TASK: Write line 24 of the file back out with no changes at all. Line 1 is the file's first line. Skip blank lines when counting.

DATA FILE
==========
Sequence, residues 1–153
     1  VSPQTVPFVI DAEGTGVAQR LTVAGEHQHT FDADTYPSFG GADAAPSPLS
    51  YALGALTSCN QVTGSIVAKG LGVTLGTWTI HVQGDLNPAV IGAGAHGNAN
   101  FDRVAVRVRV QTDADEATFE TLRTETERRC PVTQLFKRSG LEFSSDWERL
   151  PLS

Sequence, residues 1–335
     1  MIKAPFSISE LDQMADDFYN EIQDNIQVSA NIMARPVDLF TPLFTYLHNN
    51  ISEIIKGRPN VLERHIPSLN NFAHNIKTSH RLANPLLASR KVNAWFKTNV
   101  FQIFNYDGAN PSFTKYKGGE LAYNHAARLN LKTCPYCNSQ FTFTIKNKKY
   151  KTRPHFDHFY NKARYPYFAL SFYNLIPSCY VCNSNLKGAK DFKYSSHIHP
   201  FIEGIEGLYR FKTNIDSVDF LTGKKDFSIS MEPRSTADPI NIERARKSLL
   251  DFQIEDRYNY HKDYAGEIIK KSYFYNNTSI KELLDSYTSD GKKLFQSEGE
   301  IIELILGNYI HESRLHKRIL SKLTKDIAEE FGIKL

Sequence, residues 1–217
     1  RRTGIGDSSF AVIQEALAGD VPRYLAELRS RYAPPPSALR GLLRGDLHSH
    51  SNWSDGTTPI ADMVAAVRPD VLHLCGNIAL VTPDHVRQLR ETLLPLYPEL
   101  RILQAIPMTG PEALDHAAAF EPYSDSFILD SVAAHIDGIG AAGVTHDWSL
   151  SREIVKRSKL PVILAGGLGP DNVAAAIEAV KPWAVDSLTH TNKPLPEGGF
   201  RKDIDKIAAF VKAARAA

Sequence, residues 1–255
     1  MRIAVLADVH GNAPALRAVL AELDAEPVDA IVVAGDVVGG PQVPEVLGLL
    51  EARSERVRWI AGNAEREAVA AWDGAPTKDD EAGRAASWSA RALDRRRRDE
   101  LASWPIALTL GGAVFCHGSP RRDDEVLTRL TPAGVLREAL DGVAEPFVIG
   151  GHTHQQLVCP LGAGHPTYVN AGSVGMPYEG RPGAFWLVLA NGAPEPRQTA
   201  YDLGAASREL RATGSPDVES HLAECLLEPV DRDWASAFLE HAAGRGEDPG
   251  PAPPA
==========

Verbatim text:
   151  GHTHQQLVCP LGAGHPTYVN AGSVGMPYEG RPGAFWLVLA NGAPEPRQTA